Gravy Train!!!!, the Pseudo Dates, Triangle Forest and Agent Alejandro Wednesday, July 16, 2008 hi-dive Better Than: A straight-laced dance music show.
Triangle Forest had driven a thousand miles and made it to the hi-dive around 8:30 p.m., the time they were supposed to play. Normally when this happens, your set time is truncated, but no such trespasses were visited upon this electro rock band from Providence, Rhode Island. The outfit sounded like it could’ve written the score for a sequel to Electric Dreams. If Mose Giganticus doesn’t tour with these guys soon, someone should try to arrange that.
At any rate, nice low-end on the synths gave the electronic sound some warmth and depth that is often missing from this type of music. Flashes of Bronski Beat, early Erasure, early ‘80s ELO, Technique-era New Order and Air surfaced throughout the act’s set. Brendon Britton played a wicked keytar on the group’s fifth or sixth song, while his brother Benjamin played one of the best electronic drum kits I’ve yet seen or heard – a Roland V-Drum with a kick drum module. At first I had my doubts about the unit, but the members played with such emotional force it humanized all of their songs to the extent that even when the vocoder was engaged for the singing, the music never failed to come off as real and passionate. The final number reminded me of an old Corey Hart song (yes, “Sunglasses at Night”), and it was just as dark but with better vocals and more dangerous sounding than Hart and Howard Jones ever imagined.
All aboard the Gravy Train!!!!.
Photo: Tom Murphy
Apparently some jerk in the crowd didn’t think the Pseudo Dates, who were up next, played enough dance music and felt the need to say so. The famous words of Steve Martin when he encountered a heckler kept coming to mind, “I remember my first beer.” Fact is, the Pseudeo Dates are probably the most danceable indie pop band for hundreds of miles around.
On this night, the rhythm section was strong and powerful throughout. Nathan Brazil has always been an impressive guitar player in terms of his songwriting but in various songs he was laying down some tastefully blazing guitar solos that came as pleasantly unexpected and never extended to the point of self-indulgence. Brazil’s and Suzi Allegra’s vocal harmonies were also top notch and delivered with the honest enthusiasm I’ve come to expect from this band. The outfit played a new song or two tonight that departed from its perfect pop format and explored more psychedelic, droney sonic territory reminiscent of the Brian Jonestown Massacre’s less dark moments.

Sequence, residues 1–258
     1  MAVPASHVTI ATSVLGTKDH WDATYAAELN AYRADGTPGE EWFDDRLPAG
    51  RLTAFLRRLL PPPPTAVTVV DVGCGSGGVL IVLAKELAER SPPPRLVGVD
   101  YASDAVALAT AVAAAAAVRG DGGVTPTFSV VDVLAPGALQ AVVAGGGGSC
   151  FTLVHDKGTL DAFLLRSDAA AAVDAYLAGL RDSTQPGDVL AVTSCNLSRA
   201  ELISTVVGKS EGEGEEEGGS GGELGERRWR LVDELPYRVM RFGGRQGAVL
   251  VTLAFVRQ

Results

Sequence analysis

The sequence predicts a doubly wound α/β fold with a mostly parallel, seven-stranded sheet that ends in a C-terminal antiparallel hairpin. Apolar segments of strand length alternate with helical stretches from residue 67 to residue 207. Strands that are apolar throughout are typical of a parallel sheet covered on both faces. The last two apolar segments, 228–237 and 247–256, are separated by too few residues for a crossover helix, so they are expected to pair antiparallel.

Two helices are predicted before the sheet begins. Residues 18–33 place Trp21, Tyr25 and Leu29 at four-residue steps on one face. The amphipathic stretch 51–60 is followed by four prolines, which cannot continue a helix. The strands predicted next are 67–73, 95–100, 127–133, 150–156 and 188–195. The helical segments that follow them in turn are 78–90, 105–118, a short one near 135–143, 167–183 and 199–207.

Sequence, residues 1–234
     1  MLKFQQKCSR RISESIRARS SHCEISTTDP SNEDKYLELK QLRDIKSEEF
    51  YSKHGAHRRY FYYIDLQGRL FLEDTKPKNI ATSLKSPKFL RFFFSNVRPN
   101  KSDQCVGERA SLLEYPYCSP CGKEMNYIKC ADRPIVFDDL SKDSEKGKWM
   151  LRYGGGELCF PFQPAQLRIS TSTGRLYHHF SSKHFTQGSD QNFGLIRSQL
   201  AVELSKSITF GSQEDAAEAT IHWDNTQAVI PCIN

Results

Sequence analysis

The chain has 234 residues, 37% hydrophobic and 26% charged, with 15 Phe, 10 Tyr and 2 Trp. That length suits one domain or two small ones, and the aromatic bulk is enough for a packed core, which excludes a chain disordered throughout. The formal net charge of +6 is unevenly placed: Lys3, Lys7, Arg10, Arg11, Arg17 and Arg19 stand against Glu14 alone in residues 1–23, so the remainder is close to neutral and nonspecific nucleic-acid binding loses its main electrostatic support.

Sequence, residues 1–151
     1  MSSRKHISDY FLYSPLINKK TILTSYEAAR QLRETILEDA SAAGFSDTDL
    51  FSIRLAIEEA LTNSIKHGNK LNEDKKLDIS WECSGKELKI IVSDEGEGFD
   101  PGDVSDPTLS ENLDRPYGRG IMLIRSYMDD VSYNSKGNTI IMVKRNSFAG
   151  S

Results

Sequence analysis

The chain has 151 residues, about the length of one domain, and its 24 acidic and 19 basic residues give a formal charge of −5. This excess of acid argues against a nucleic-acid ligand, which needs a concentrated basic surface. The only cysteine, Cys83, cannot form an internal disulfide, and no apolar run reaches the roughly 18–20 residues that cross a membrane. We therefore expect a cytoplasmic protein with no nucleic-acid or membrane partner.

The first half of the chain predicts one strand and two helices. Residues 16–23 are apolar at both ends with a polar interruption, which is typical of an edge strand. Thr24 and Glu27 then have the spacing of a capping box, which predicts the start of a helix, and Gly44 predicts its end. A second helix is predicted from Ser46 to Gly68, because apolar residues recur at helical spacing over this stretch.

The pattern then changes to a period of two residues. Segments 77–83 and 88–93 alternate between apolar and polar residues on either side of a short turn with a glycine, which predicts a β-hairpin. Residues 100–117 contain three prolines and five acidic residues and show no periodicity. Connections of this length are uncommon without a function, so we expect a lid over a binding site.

All aboard the Gravy Train!!!!.
On paper, Gravy Train!!!! is one of those acts that should really be a horrible train wreck of ill-advised performance art. And yet, somehow, it’s managed to remain one of the most good-spirited and fun dance bands in recent years. Is it electroclash? Sure. Indie pop? A little. Does it have some of that glorious gaudiness you see and hear at a Lords of Acid show? Absolutely. But this quartet makes every show a party with hyperactive, lyrically salacious music.
Despite all the fun, there is something of a subversive element to the whole deal – the songs are sex positive, queer friendly and against body shame, and the music is a celebration of being alive and being true to being a human being without unnecessary psychological baggage digging holes of neuroses into our psyches.
In the end, Gravy Train!!!!, the B-52s and Cramps of the electroclash scene were as artistically interesting as they were quirky and well-crafted and put on a liberating performance that encourages everyone to join in all the playfulness of the event.
-- Tom Murphy
Critic’s Notebook Personal Bias: I’ve liked synth pop since the early ‘80s, when I was in middle school. Random Detail: Agent Alejandro of Slight Harp spun a variety of dance music, but I specifically remember “Deceptacon” by Le Tigre. By the Way: Triangle Forest has incredibly cool t-shirts and its album, Hostile Takeover, is excellent. The band is planning on releasing another before the year is over.
This is the tenth in a series of thirty consecutive shows that Tom Murphy is planning on attending. His whole idea is to prove that there's cool stuff going on any night of the week in Denver, if you bother to make any effort whatsoever to find it. He suggested naming this series, "This Band Could Be Your Life," a fitting designation to be sure. Since there's already a similarly titled book, however, we opted to file these entries under Last Night's Show -- you know, to avoid being sued an all. (Sorry, Tom.)